As schools reopen where is the Catch up scheme for Children?
- Minister indicated package would be available in the Autumn.
- Tánaiste told Dáil in June it would be published in the coming weeks.
With schools reopening in the days ahead, Labour Education spokesperson Aodhán Ó Ríordáin has again called on the Minister to clarify when the ‘catch-up’ scheme would be launched after she indicated in early June that the level of funding and details were being finalised.
Deputy Ó Ríordáin said:
“On the 3rd June the Minister for Education confirmed she was working on a multi-million ‘catch-up’ fund for children to address the impact of the Covid-19 pandemic on learning. We were told that the additional provision would be made when schools commenced the 2021/2022 year. No further details of what measures she would propose were made available at the time.
“The Tánaiste told me in the Dáil on the 17th June it would be published in the coming weeks, and I directly questioned the Minister for Education on the 1st July and she said in reply that she hoped to be in a position to announce it shortly. Since then nothing further has emerged.
“This is an issue we in the Labour Party have been raising since the start of the year, and we are now on the verge of starting another academic year but still no details have been published. I had, together with my colleague Ivana Bacik called for a proposed €100 million ‘Catch Up for Children’ fund modelled on the UK scheme that was worth over €1 billion.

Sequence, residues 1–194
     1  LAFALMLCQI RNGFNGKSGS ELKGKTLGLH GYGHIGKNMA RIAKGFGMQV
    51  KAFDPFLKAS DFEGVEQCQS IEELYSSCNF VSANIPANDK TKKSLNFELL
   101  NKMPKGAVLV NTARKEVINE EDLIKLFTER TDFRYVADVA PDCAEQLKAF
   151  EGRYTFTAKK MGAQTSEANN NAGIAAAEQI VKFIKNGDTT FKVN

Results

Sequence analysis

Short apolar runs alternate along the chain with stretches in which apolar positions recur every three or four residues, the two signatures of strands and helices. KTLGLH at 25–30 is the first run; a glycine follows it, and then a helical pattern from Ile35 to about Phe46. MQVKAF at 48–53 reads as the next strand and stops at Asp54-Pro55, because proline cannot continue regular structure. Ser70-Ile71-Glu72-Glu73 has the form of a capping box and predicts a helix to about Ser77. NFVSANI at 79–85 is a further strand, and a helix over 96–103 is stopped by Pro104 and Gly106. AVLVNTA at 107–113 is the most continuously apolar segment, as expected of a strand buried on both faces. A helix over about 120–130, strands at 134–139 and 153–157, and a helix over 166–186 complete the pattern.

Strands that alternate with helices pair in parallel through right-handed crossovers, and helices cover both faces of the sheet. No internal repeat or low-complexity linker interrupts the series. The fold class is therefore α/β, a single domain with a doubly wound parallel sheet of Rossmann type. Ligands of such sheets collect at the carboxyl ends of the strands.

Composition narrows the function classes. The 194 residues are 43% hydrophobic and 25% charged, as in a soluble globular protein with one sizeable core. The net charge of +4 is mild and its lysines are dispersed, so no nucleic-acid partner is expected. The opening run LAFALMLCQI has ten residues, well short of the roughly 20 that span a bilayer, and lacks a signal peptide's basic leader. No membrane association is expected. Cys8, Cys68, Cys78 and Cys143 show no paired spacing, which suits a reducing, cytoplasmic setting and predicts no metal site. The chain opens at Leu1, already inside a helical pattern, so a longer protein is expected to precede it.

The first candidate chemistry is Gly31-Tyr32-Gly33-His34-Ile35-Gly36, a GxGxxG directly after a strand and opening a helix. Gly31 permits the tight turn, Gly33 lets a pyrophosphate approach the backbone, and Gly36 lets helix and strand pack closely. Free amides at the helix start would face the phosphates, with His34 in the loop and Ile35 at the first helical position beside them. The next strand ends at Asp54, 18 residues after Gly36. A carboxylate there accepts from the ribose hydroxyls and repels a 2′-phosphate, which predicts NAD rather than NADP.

“Key questions need to be answered about whether this will still now happen, and if so, what the level of financial support that will be made available, how the extra resources will be targeted at those most in need, and when the measures will become available?
“The longer we wait for this ‘catch-up scheme, the more work it will be required to do. Early intervention is critical to ensuring children are supported. We need a plan to offset the impact of school closures on young people and avoid further damage down the line.
“My understanding was that the Minister had heard the calls of the Labour Party and would implement a ‘Catch Up’ scheme for children. However, there has been no plan or timeline forthcoming.
“The UK Government recognised the profound impact of school closures, putting together a fund of over £1 billion to protect and support children. Our European colleagues, where schools were closed for shorter periods of time than Ireland, are also following suit. Italy will invest over €500 million in their children, keeping schools open and focusing on developing students’ social and creative skills with lessons focused on sports, photography and the arts. This funding will be targeted in locations where children have struggled the most with remote learning. Why doesn’t the Government want to do the same for our children?
“In February, we called on the Minister and the Department to carry out a forensic examination of the impact of the closure of schools on our children. This did not happen then, it is not happening now, and it’s entirely unclear if it will ever happen. The Labour Party estimate that a fund of €100 million would be required to target recovery in lost learning, focusing on one to one and small group tutoring programmes, as well as supporting the return to school and development for disadvantaged children in early years settings.